The Philadelphia Family Court fired an employee Monday after video of him ripping signs supporting the Black Lives Movement off a fence and telling someone, “Not to me, they don’t.
Michael Henkel, a writ-server supervisor for the court, was fired from his job based on multiple violations of the state court system’s Code of Conduct and the Non-Discrimination and Equal Employment Policy, as confirmed by the spokesperson of the court.
The family court spokesperson Martin O’Rourke said in a statement, “The Court takes this incident very seriously and believes Mr. Henkel’s behavior as shown in the video is egregious and totally unacceptable for an employee of the Courts.”
In the video, Henkel is seen ripping off the signs while an unidentified woman confronted him and tells him, “That’s not your property.”
It also showed that Henkel, said that his taxes “pay for this place” and that black lives don’t matter to him.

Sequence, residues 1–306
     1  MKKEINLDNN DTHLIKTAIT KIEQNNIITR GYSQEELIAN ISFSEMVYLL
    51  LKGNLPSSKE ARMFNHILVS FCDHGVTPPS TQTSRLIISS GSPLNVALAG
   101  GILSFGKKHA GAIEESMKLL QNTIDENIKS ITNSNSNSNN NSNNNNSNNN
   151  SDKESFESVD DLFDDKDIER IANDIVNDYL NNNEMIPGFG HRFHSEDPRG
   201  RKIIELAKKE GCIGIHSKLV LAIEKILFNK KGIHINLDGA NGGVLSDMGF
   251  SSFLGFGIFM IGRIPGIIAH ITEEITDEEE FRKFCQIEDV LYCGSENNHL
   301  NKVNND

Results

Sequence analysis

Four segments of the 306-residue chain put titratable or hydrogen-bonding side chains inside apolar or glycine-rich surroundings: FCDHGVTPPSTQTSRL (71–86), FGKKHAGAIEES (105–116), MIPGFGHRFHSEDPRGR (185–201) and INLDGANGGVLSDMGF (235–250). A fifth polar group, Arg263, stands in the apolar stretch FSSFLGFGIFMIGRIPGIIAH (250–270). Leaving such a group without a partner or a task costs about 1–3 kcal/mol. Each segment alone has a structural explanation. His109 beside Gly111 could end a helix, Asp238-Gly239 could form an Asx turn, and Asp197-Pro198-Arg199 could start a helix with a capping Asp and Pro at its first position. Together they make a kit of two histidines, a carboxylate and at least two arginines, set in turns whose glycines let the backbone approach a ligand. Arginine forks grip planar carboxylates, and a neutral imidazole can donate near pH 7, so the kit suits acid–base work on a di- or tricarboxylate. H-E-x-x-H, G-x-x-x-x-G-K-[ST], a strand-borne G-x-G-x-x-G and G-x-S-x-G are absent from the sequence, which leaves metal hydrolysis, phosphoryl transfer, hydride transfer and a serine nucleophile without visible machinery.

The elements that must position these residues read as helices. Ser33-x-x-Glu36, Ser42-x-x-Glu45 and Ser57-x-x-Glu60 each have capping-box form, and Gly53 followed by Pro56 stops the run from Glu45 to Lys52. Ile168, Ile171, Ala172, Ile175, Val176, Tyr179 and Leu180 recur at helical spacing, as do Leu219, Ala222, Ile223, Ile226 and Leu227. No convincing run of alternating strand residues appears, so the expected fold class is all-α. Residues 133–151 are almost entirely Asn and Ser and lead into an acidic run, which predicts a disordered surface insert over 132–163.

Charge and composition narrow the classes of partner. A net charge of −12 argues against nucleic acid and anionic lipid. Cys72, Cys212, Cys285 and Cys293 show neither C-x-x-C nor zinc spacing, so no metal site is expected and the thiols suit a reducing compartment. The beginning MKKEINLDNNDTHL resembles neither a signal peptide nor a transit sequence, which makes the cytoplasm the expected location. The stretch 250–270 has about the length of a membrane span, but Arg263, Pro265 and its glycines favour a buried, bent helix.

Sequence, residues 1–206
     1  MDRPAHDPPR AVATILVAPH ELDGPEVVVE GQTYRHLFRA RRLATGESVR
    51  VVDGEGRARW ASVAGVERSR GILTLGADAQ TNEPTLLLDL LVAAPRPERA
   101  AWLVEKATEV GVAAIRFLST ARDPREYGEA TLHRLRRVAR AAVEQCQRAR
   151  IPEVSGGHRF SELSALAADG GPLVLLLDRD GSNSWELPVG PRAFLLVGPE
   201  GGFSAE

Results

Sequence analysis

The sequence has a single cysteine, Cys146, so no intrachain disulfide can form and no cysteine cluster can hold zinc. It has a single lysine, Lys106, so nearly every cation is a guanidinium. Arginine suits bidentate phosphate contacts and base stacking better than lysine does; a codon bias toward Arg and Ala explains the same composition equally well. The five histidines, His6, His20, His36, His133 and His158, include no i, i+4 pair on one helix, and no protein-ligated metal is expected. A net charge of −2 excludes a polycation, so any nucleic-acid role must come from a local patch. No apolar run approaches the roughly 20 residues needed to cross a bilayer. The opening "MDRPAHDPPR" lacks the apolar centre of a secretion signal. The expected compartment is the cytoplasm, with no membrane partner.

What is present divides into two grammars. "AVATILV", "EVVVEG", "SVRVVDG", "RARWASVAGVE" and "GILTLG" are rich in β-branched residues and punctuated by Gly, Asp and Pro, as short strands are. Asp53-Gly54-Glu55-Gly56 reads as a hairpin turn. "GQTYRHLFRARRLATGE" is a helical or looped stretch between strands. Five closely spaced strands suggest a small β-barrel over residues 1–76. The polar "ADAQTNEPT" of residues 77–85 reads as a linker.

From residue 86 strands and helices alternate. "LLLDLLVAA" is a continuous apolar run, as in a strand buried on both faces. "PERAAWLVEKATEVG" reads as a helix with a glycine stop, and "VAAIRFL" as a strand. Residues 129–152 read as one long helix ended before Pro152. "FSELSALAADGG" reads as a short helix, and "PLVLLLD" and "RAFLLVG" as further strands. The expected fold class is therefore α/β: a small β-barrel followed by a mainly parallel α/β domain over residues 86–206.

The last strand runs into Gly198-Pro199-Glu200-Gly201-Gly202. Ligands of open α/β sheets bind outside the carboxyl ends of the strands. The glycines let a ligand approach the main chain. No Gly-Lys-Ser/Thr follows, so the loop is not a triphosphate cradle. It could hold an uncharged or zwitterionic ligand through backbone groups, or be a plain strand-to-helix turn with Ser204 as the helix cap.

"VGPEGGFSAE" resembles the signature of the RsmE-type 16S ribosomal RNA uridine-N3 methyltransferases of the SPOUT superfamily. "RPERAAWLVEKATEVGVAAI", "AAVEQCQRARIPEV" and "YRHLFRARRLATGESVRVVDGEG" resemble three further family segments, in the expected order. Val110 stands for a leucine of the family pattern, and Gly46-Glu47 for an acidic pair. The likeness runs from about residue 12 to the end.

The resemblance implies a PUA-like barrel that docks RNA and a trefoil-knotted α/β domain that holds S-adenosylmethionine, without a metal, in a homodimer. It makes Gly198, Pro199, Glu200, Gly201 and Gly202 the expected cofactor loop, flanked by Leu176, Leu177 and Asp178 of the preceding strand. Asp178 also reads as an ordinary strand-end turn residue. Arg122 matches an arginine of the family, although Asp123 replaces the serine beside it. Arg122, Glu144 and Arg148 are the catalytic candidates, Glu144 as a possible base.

The signs were made and put up on the fence following a peaceful march through the neighborhood, calling for an end to police brutality and racism.
Henkel’s aggressive outbursts prompted local residents to pin hundreds of Black Lives Matter banners on the same fence to show solidarity against his behavior.
Reporters tried to reach Henkel for a comment or to air his side of the argument that let up to the incident in the recording.
According to city payroll records, Henkel has worked for the Philadelphia courts since 1992 and earned a base salary of $71,591.
On the other hand, the identity of the other person speaking in the video is still unknown.
The encounter comes as protesters across the country have been calling for an end to systemic racism and police brutality after the death of black man George Floyd by white cop Derek Chauvin in Minneapolis on Memorial Day.